Are we not all the same, then?

How many times can I jump in, feet first, and say the wrong thing about who is allowed to write what? Too many, probably.

But honestly, in a world where so much is wrong, should there be this much arguing about whether people are brown-skinned enough to write certain books? Somewhere at the back of my mind runs a song which claims that we are all the same, regardless of colour [of skin]. I mean, I know we are not. Not really. We should be, but life isn’t fair or equal.

I’d quite like to be paid a seven-digit sum for a novel, should I ever write one. But I’d rather not be at the receiving end of threats. (Could these people not have a go at someone who’s done something worse than write a book?)

This made me think of Elizabeth Acevedo, who identifies as Afro-Latina. She writes books about young people with a similar background to her own; black, Spanish-speakers, born and living in the US. That’s good, because it’s what many of us need, whatever our colour.

I’d like to think that no one will question Elizabeth’s ‘right’ to write these stories.

But then my mind wandered, as it does. You know those acknowledgements at the end of a book? I remembered that in her latest book, With the Fire on High, she thanked someone for advice on what it’s like to be a teen mother. And that’s good. It means Elizabeth, who I understand has no children yet, got feedback on what she ‘made up’ for her heroine Emoni.

If you really wanted to, though, you could take this cultural appropriation thing as far as you need to, to get an argument going. Maybe only someone who’s not only a mother, but who was a teenage mother, should write this book? Stupid, but isn’t this what’s happening when white people get it into their heads to write about a topic they are not ‘qualified’ to cover?


I obviously believe that anyone may write what they want. If someone wants to publish that writing is another thing, as is whether anyone will read it.

Meanwhile I’m more than happy with the efforts of  Elizabeth, and authors like Angie Thomas and Jacqueline Woodson. There could and should be more, and with time there probably will be. Unless we should all have worried more about the men who have the power to end the world right here and now. Maybe argued some more, and stopped them. Instead.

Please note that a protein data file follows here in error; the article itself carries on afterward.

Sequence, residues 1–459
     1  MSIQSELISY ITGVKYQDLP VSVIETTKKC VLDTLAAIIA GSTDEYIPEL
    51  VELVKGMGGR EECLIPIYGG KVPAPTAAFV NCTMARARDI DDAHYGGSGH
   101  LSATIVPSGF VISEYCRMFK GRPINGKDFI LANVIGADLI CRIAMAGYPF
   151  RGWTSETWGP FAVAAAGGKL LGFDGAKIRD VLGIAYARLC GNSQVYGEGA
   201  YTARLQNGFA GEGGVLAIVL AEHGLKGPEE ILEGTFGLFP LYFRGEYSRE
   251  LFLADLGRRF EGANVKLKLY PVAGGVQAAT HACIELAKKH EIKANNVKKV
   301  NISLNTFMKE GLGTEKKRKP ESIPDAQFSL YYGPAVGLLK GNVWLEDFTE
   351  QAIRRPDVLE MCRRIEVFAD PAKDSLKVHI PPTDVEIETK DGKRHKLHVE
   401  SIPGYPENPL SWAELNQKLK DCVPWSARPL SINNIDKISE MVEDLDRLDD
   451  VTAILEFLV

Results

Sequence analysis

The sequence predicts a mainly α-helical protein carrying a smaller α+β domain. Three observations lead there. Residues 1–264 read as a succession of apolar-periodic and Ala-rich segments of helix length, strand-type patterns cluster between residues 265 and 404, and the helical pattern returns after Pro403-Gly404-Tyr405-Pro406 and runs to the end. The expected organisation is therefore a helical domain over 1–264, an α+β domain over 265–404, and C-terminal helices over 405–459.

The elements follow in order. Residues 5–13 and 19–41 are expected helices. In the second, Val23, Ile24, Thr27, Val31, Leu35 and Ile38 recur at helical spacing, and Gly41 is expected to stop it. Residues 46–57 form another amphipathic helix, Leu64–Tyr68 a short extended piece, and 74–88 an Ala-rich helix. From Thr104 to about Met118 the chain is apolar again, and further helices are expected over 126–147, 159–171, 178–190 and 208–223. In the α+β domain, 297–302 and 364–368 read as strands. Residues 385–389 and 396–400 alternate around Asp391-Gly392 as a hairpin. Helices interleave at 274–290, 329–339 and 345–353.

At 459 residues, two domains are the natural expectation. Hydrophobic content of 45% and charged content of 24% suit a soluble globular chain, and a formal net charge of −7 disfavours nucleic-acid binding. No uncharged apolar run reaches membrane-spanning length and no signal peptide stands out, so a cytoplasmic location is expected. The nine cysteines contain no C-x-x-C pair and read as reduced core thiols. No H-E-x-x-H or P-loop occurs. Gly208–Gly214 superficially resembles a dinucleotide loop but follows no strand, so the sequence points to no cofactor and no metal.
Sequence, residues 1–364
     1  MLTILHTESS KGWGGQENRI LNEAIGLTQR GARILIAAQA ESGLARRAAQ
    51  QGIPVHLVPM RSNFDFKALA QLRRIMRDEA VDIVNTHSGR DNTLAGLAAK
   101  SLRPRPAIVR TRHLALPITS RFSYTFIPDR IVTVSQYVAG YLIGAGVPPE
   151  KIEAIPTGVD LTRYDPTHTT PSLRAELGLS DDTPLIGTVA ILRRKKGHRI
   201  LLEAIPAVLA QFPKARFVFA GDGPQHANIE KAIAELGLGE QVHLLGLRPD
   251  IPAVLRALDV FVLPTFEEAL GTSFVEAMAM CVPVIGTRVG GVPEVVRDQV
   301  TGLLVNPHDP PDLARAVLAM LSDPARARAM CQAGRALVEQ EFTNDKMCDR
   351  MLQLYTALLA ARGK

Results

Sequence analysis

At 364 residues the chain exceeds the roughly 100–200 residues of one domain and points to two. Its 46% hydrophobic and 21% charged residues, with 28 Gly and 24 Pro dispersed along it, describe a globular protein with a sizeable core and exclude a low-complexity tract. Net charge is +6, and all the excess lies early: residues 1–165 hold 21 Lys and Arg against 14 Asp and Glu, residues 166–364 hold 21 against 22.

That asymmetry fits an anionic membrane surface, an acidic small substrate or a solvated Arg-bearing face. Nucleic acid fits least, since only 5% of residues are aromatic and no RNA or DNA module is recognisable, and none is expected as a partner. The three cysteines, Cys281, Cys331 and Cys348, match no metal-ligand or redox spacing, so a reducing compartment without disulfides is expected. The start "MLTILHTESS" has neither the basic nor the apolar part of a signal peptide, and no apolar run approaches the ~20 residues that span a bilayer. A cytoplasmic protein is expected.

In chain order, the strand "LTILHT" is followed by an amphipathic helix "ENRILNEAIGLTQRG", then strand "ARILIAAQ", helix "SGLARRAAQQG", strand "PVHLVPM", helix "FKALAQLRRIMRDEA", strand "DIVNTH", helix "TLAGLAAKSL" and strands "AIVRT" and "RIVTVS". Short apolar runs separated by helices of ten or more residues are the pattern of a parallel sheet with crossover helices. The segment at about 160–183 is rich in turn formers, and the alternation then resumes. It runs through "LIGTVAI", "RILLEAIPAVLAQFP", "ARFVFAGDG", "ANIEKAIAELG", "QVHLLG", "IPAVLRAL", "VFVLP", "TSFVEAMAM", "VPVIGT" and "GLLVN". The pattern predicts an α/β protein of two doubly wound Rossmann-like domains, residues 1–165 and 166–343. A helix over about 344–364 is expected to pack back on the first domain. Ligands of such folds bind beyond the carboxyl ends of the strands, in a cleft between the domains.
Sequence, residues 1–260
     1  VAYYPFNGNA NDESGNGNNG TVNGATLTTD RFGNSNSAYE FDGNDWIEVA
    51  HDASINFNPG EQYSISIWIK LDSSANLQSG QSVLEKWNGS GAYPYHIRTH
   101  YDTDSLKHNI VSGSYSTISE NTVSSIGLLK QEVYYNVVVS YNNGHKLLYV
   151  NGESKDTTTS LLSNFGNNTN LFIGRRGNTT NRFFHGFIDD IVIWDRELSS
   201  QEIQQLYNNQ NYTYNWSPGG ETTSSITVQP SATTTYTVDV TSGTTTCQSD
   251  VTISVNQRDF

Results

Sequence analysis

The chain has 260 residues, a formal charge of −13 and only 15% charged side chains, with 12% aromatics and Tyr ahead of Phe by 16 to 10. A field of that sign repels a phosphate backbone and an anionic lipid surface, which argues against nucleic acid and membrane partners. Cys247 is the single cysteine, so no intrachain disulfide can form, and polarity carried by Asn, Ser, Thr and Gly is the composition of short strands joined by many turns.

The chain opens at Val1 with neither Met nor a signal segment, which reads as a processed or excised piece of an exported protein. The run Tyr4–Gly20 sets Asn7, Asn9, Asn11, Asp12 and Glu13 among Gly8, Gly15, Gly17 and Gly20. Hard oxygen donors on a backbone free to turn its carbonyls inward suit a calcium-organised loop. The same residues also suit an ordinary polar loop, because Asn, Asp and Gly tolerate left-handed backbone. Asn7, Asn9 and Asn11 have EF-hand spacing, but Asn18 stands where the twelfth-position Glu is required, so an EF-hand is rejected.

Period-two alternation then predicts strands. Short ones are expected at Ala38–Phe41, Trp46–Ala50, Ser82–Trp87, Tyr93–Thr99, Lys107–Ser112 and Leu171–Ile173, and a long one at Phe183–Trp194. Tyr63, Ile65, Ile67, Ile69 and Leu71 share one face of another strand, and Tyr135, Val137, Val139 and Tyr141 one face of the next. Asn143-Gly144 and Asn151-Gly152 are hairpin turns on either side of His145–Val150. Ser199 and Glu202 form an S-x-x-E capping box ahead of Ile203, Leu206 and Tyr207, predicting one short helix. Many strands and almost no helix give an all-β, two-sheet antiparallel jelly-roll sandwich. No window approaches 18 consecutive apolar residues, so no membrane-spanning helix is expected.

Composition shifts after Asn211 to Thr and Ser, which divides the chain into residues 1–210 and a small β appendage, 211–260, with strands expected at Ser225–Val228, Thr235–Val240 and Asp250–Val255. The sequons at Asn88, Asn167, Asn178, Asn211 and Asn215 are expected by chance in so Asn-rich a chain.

4 responses to “Are we not all the same, then?

  1. Great post! I’m always glad to see people resisting the urge to self-censor their creative works of fiction.

  2. Hear, hear! This whole argument is in danger of disappearing up that well known passage, with fear atrophying creative art. Leaving us all impoverished.

  3. I imagine this has been prompted by the recent controversy about a book featuring Mexican refugees? A book I thought was excellent by the way. To me it’s a bit like saying a man can’t write about a woman and vice versa. It’s fiction, it’s imagination, it’s hopefully well researched. Heaven help the crime writers (and the rest of us!) everyone is now only allowed to write from lived experience!

    As you say, there are many worse things happening in the world than someone writing a book. That’s what we should be up in arms about!

    • Yes, that’s the book! I probably won’t get round to reading it, due to time restrictions, but I’d imagine it has to be pretty readable to have been taken on like that, with so much money involved.
      My thoughts, without knowing how it deals with the topic, is that even if the description of the Mexican refugee isn’t quite right, then at least it will inform the many white readers of a situation they might not have given as much thought as it deserves.
      As for lived experience, my mind strayed to Chris Brookmyre’s hardboiled space station crime novel. Has he worked as a detective up there? Or did he make it up..?

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